This particular interview was a reflection of the interviews that Wilder had transcribed onto her article about the effects of African American teachers. All of the students that were interviewed spoke highly of their teachers, many recalling them as motivating forces in their life. Her interviews gave an insight as to the real effects of placing a teacher of a diverse background (which a student can relate to) in a classroom. Each student’s description of their relationships with their ethnic teachers were rich, and it seemed as if each student was actually invested in and empowered by what they were learning. All of the students always spoke fondly of their teachers and all of them were able to recall many meaningful moments and experiences with all of their racially diverse teachers during their elementary and secondary school careers.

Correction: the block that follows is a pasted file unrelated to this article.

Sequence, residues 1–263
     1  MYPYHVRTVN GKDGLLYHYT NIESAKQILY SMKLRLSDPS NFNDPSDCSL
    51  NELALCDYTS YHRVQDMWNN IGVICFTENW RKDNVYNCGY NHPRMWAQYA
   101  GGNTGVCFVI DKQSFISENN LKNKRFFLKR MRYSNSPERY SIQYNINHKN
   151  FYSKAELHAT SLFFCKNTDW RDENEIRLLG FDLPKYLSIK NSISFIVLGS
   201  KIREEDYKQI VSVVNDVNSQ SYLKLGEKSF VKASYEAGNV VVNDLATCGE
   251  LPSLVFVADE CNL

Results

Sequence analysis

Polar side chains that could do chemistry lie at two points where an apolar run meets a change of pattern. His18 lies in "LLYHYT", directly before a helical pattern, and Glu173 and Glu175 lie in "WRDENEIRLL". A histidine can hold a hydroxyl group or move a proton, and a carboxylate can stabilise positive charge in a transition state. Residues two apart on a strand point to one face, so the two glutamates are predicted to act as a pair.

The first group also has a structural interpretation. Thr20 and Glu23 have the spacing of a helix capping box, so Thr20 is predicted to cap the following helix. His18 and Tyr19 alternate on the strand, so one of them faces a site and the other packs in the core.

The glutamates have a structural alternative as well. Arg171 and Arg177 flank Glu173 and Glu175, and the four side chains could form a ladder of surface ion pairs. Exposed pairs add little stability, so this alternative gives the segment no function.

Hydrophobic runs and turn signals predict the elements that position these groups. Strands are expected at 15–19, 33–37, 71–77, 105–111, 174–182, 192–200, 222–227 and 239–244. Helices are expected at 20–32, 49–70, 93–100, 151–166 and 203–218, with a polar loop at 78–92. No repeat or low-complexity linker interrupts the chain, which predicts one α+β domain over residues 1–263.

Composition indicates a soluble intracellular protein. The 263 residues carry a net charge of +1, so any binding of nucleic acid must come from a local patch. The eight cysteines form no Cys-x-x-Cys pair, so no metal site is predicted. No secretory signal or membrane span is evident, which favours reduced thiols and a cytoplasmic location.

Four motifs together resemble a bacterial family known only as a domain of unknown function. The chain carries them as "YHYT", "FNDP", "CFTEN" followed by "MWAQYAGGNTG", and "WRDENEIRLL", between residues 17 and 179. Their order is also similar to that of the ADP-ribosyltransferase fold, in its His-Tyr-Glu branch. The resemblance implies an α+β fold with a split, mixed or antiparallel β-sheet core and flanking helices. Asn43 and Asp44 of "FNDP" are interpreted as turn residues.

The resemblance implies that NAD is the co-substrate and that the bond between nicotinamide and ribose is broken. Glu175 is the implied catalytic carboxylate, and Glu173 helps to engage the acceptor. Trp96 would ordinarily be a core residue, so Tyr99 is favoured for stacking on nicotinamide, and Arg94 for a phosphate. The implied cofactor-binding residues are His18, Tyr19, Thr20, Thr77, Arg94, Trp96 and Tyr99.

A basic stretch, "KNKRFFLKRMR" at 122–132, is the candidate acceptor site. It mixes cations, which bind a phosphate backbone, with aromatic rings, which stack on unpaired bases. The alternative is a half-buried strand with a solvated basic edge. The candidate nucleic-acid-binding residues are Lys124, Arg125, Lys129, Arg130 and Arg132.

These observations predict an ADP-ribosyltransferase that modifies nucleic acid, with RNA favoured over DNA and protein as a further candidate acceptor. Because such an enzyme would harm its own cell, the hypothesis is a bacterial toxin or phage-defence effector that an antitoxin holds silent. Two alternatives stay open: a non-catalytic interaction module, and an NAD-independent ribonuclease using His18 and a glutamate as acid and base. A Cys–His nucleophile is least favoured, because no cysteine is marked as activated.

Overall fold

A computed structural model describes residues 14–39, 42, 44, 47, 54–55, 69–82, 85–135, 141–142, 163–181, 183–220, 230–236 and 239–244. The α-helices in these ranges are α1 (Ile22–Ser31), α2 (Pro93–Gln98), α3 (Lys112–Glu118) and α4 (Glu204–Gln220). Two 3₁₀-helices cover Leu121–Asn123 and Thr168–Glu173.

There has been a major underrepresentation of African American, Hispanic, Asian and other ethnic groups in the teaching workforce across the United States. Since the 1960s, many educational reformers have fought to diversify the teaching workforce through establishing guilds and teacher unions. However, their attempts to diversify the workforce has been shot down various times by those who head each state’s department of education (DOE). The United States has undergone a vast amount of social change in the last four decades, but that is still not reflected in our educational system. Each year, the achievement gap between African American/Hispanic students versus white students seems to increase. For many years, parents, educational reformers, and other social activists have fought to diversify the teaching workforce due to their belief that it is the key to closing the everlasting gap.